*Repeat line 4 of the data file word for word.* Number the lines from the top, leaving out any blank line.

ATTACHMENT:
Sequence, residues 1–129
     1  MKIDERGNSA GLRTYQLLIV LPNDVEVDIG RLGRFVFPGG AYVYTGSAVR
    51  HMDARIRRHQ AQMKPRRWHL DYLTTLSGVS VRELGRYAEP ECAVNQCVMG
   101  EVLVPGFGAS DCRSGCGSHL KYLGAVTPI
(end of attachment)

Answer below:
   101  EVLVPGFGAS DCRSGCGSHL KYLGAVTPI